The Two Scythes

One rusty and one well honed scythes were together with the rusty saying how easy life is. The used scythe pointed out how helpful and, so better it was.

It’s always better to be useful.

JBR CollectionJBR Collection

It so happened that a couple of mower’s Scythes were placed together in the same barn: one of them was without its proper handle, and therefore remained useless and rusty; the other was complete, bright, and in good order, and was frequently made use of in the hands of the mowers. “My good neighbour,” said the rusty one, “I much pity you, who labour so much for the good of others, and withal so constantly are fretted with that odious whetstone, that scours you till you strike fire, whilst I repose in perfect ease and quiet.” “Give me leave,” replied the bright one, “to explain to you, neighbour, the difference of our conditions. I must own that I labour, but then I am well rewarded by the consideration that it is for the benefit of multitudes, and this gives me all my importance; it is true, also, that I am renovated by a harsh whetstone, but this still increases my capability to become useful in a more powerful degree, whilst you remain the insignificant and helpless victim of your pride and idleness, and in the end fall a prey to a devouring rust, useless, unpitied, and unknown.”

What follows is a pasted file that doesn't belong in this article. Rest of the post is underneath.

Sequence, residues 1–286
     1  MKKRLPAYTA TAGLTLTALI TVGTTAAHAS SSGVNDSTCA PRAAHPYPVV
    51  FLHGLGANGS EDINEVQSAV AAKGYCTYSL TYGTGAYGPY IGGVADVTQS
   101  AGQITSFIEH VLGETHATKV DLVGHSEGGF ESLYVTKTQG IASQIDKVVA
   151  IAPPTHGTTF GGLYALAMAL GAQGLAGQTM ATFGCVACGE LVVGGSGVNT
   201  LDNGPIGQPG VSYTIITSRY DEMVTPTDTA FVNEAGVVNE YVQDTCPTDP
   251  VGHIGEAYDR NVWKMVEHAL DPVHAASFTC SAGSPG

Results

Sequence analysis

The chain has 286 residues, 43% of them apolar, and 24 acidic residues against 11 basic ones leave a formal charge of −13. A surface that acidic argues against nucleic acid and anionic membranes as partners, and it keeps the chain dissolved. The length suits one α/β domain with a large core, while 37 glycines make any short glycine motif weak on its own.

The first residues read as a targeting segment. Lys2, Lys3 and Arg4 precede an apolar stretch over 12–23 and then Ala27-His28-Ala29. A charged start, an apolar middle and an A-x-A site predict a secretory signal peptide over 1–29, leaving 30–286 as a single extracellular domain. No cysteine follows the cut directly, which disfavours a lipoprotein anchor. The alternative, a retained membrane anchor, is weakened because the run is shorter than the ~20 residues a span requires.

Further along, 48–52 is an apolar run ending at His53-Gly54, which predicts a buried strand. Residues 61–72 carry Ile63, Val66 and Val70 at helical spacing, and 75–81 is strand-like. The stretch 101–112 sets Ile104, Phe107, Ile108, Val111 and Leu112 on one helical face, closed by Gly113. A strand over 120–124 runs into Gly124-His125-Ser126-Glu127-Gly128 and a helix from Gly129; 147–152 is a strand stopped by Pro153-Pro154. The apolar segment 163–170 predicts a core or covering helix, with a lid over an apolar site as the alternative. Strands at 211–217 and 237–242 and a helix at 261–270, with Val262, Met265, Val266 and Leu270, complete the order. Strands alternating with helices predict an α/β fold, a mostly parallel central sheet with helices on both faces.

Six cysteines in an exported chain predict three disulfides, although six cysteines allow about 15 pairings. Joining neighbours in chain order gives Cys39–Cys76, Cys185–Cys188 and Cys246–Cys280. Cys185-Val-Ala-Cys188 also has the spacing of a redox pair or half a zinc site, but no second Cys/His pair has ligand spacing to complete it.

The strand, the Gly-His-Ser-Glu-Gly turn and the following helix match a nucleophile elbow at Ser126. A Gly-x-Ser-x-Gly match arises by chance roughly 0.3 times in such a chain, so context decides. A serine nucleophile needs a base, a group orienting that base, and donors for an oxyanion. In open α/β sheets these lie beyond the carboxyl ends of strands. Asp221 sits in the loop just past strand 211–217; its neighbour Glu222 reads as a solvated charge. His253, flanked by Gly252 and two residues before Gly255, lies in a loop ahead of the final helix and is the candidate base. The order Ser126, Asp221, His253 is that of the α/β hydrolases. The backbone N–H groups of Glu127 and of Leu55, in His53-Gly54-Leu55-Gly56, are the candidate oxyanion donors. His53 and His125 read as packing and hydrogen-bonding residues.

[Note: The Northcote fable is the same fable as in the JBR Collection above. Only the illustrations and Application associated with the fable in the Northcote book are displayed here.]


Idleness in every station in life is attended by a portion of misery. By it the health is impaired, the intellects benumbed, all importance or value in society is forfeited, and as we contribute nothing towards the profit or pleasure of mankind, we become little better than outcasts or burdens on the earth. In the rich, idleness produces a mental misery, and they become the prey of melancholy: and in the inferior orders, its fruits are poverty, vice, and disease. And if the industrious do meet with rubs in the world, still like the whet-stone to the Scythe, it sharpens their wits, and prepares them by an acquisition of knowledge and experience to overcome difficulties with more facility. J. N.

JN Fable 026

Sketch: James Northcote; Wood drawing: William Harvey; Engraving: H. White (1828)

JN Fable 026a

Wood drawing: William Harvey (1828)